Hood Milling Options
We maintain a significant stock of Douglas Fir and Cedar timbers to fill our customers’ needs. Our unique ability to custom mill either our own inventory, or timbers provided to us to fit a customer’s specific needs, enables us to provide quick turnaround for most milling needs. Once the material has been remanufactured, there is no guarantee of grade, appearance or structural value.
Below are descriptions of the milling options we offer. We also offer custom milling services for your material with the exception of reclaimed and/or previously installed timbers and pressure treated lumber.
Baker “D” model resaw with 16” × 16” capacity: Computer controlled thin kerf technology provides accurately cut clean timber surfaces.
Stetson-Ross Timber Sizer with 16” × 24” capacity: Accurately sizes nished timbers to within 1/16” by planing up to four sides of any length timber in a single pass. Ideal for timber frame construction of any type.
Rough Timbers to S4S: The larger rough timbers can be milled to the standard 1/2” size measurement which produces a square edge, uniform smooth surface while maintaining its grade. Due to variation in the timber size you may encounter skip dressing. Skip dressing is places on the timber where the knives do not make the wood smooth.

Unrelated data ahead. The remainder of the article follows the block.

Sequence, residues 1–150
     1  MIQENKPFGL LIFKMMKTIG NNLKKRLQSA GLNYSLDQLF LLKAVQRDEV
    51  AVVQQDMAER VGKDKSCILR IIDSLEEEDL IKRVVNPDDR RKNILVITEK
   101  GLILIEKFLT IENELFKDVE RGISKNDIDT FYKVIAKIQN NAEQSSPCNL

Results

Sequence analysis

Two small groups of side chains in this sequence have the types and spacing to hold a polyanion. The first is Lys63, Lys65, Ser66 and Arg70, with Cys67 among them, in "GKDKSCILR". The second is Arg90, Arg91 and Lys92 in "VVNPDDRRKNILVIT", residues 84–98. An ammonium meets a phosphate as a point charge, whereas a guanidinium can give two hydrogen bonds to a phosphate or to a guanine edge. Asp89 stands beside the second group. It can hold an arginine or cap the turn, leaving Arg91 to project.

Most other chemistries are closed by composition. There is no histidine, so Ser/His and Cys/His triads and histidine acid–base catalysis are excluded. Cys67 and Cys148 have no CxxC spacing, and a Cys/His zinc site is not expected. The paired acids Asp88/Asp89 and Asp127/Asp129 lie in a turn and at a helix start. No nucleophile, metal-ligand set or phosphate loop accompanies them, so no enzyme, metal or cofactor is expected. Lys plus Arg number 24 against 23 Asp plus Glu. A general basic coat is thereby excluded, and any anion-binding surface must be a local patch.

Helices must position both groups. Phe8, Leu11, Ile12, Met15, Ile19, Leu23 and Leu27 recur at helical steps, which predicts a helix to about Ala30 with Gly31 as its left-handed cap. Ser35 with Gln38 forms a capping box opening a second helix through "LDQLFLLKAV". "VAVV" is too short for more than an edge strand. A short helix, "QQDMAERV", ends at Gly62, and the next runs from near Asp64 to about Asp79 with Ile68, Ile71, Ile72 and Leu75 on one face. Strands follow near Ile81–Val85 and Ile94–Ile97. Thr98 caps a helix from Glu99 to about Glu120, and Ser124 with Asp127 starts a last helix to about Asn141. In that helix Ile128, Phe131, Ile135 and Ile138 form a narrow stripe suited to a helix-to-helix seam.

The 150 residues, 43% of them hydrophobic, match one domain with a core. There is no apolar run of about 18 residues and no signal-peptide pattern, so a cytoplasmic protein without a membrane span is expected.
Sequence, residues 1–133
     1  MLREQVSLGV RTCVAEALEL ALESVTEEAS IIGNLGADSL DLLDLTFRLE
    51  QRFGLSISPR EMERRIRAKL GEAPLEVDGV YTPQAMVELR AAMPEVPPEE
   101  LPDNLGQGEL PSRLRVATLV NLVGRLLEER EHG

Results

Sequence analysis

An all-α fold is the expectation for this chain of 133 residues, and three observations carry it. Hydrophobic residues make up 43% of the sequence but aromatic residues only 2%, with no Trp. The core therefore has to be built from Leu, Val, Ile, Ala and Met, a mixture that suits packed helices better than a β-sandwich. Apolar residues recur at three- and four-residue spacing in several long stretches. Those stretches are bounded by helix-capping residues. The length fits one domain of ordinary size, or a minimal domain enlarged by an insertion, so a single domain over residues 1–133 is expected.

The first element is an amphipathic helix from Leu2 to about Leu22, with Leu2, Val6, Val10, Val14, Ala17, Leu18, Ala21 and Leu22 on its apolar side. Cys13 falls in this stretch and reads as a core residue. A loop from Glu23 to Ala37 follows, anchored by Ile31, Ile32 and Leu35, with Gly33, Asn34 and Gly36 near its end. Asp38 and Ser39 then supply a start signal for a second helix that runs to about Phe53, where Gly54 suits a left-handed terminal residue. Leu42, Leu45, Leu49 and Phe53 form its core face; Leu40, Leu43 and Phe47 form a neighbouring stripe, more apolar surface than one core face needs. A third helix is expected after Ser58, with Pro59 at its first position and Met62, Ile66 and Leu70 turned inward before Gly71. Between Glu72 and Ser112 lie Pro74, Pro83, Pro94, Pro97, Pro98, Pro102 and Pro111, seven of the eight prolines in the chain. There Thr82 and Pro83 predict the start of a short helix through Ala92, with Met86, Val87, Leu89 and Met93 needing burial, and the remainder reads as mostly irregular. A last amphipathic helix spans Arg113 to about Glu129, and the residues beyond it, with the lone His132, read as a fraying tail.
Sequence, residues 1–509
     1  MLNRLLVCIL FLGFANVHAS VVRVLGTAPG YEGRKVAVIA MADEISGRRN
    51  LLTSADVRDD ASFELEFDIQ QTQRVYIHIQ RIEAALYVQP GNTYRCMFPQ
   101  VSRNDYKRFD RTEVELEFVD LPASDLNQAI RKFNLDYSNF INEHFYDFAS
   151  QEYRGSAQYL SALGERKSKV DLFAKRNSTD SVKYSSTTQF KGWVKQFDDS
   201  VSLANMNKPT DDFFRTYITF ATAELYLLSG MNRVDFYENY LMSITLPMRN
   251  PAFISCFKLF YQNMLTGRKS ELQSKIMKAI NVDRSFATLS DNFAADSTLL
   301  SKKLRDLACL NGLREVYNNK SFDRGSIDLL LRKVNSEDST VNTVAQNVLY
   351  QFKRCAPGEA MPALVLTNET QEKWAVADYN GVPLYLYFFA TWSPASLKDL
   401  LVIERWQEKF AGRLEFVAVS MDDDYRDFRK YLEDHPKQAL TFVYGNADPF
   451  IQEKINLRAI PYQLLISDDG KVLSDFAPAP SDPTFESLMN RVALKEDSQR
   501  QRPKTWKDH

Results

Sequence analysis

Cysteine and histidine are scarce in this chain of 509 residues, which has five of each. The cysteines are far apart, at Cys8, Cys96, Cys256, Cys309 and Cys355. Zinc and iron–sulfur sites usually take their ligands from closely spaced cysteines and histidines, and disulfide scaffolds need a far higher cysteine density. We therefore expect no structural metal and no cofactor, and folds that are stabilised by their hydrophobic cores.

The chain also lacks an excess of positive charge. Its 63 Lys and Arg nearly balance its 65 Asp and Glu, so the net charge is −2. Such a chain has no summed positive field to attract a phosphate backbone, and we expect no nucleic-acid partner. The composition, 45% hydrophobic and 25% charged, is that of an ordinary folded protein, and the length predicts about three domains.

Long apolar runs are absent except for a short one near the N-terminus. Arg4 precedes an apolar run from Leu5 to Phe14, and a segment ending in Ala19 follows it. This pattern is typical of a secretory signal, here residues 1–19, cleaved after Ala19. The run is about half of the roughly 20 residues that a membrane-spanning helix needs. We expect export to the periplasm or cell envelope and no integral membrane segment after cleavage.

Rough Clean Faces: If rough clean faces are requested we can take a bigger timber and cut a slab off each side to expose clean rough faces to any size required.
Clean and Bright: For a slightly less costly option where rough sawn is required, we can resaw timbers which will produce 1 clean face and 3 natural rough faces which may be darker in color.
Packaging: In an application where size is important, we can just dress rough beams to the standard size 1/2″ measurement.
Single and Double Tongue and Groove: When a timber is dressed to the 1/2″ it maintains its grade. Anytime a timber is resawn or dressed down below the 1/2″ it technically loses its grade.
Custom Rough and S4S: When a timber is dressed to the 1/2″ it maintains its grade. Anytime a timber is resawn or dressed down below the 1/2″ it technically loses its grade.